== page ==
BEFORE the hair-raising dénouement of the hunt for the young men suspected of having perpetrated the bombings at the Boston Marathon last week, the interim couple of days during which there were no leads and no information were illustrative of a problem that several are convinced has become entrenched.
The problem is the assumption that terror is linked to one religion, and that someone from the world’s Muslim nations must be responsible.
So it was that one of the first purported ‘suspects’ the unthinking — or merely the grossly prejudiced — found to hang out to dry was a 20-year-old Saudi man. The New York Post, a right-of-centre newspaper, led the charge. On CNN, a former official of the Bush administration, Fran Townsend, insinuated the same: “We know that there is one Saudi national who was wounded in the leg who is being spoken to.” The same idea was launched from other quarters too, including Democrats.
As we found out shortly thereafter, he just happened to be in the wrong place at the wrong time, a man of the wrong background.
Before the authorities had released the by now familiar images of the two young men in white and black baseball caps, the New York Post published front-page photos of two men, one with a duffel bag and the other with a backpack. The oversized headline announced: “Bagn” while the subhead added “Feds seek these two pictured at Boston Marathon”. Turned out, the newspaper was wrong.
The New York Post compounded what feels uncomfortably like prejudice with professional misconduct.
If a newspaper fails to get its facts straight, doesn’t check its sources, then … well, here’s the satirical ‘news’ site, The Onion, putting words in the mouth of the editor of the New York Post: “[…] yet people have this obsessive need to get bogged down in all the teeny tiny minutiae — the precise number of dead, how many explosions there were, etc — when we all know that these kinds of details don’t matter when you’re in the middle of a terrible emergent tragedy.
“Who focuses on that stuff? Not me, that’s for damned sure. All I cared about in the moment was giving our readers a vague, erroneous conception of what was happening on the ground while also beating our competitors to the punch with a more sensationalistic story featuring a drastically higher body count.”
Such was the scale of the misreporting in general that, unusually, the FBI was driven to issuing a statement of correction asking that news outlets verify information through official channels.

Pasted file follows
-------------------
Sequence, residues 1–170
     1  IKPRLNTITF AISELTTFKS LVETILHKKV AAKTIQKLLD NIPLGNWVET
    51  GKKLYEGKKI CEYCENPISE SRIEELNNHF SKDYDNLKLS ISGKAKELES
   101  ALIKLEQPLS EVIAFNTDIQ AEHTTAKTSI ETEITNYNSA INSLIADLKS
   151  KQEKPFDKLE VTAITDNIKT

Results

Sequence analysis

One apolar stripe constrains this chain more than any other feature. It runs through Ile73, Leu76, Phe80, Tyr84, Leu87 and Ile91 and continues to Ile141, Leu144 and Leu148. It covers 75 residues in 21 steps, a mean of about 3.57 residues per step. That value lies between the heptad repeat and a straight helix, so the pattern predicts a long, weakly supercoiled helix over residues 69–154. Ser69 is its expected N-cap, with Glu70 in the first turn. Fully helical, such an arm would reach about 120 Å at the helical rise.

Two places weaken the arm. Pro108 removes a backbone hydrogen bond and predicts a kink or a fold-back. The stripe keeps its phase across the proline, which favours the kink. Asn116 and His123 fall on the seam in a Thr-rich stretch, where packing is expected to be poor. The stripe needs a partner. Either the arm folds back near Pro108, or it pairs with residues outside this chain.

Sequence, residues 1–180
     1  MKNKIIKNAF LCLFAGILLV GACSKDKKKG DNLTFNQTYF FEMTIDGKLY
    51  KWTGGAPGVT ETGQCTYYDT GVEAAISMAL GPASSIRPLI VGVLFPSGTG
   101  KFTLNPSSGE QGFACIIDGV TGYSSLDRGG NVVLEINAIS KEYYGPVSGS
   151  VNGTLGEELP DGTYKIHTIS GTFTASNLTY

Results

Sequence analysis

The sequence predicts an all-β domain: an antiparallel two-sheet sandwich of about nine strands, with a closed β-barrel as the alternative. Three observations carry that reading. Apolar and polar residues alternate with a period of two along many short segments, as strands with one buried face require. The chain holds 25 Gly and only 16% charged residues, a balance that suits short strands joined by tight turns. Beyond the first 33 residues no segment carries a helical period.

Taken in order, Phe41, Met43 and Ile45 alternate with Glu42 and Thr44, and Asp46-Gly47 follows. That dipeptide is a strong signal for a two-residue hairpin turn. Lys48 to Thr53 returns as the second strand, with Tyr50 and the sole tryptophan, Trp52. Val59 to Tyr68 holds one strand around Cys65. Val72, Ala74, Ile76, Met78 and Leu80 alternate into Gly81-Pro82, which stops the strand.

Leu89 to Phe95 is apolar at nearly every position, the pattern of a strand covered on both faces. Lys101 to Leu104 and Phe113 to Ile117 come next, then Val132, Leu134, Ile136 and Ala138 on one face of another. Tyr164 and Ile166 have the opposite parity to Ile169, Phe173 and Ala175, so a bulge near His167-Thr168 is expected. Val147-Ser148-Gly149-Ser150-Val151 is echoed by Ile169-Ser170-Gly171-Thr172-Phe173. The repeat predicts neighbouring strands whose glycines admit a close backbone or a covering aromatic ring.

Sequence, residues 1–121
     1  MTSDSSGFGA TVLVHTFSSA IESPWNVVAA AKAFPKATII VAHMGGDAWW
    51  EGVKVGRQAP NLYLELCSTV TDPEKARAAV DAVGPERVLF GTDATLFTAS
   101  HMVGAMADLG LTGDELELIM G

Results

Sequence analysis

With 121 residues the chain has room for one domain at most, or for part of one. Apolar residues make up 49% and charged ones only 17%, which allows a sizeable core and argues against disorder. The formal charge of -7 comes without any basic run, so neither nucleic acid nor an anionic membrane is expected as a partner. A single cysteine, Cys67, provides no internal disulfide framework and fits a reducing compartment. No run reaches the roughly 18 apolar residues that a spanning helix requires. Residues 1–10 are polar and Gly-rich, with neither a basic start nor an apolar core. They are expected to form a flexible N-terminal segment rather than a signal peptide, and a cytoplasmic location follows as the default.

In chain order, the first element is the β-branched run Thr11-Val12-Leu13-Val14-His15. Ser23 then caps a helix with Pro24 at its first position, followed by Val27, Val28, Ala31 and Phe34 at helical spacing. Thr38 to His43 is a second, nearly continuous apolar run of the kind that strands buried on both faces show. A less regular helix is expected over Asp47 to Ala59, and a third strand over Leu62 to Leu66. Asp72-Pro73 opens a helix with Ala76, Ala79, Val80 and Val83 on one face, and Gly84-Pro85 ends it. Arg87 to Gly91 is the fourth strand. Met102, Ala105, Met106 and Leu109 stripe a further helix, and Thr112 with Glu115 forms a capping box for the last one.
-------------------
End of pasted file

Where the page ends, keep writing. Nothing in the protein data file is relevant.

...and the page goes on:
Is such prejudice becoming entrenched in parts of the media in the West? Regrettably, there are indications that this might be the case.
The day after the July 2011 gun and bombing attacks in Oslo (which for a while were thought of as not being linked), the featured headline on The New York Times’ internet page implied that Muslims were responsible. The Washington Post published a column on the same assertion. Similar prejudices were displayed after the 1995 Oklahoma City bombing.
Many people have for years now been warning that such attitudes are becoming rooted in society in general. And, regrettably, it has to be conceded that more times than one would like to face up to, someone related to the Muslim world is found to have been behind violence as, indeed, was the case with the Boston bombings.
Of course it’s unjust to hold the entire population complicit for the actions of a few, but reality is not a kind place.
In the aftermath of the Boston attacks, much of this community found itself desperately hoping — in vain, as it turns out — that it wouldn’t in some way find itself in a news story about the men being pursued by the FBI.
If some sections are giving in to their baser emotions, are there any voices of reason?
Writing in The Guardian, here’s what Glenn Greenwald had to say on April 16: “One continually encountered yesterday expressions of dread and fear from Arabs and Muslims around the world that the attacker would be either or both. That’s because they know that all members of their religious or ethnic group will be blamed, or worse, if that turns out to be the case.
“… One tweeter, referencing the earthquake that hit Iran this morning, satirised this collective mindset by writing: ‘Please don’t be a Muslim plate tectonic activity’. … No other group reacts with that level of fear to these kinds of incidents, because no other group has similar cause to fear that they will all be hated or targeted for the acts of isolated, unrepresentative individuals.”
But before any readers find in this article vindication for their long-cherished views that the West is ‘against us’, let me point out one other aspect of prejudice: here in Pakistan, we are hardly strangers to it.
What else is the so rampant ‘anti-American sentiment’? In burning down a food outlet thought of as being American, aren’t the perpetrators punishing the community at large for the actions of a few?
If the sins of a few madmen who are also Muslim ought not be used to hold the whole Muslim world responsible, should strikes that are the domain of a single government be enough to tar the entire West with the same brush?
The world swings in mood between societies’ liberalism and conservatism, between times of freedom and repression, when people tend to be active or reactive. Unfortunately, it would seem, this is an age of the pendulum’s swing to the right.
The writer is a member of staff.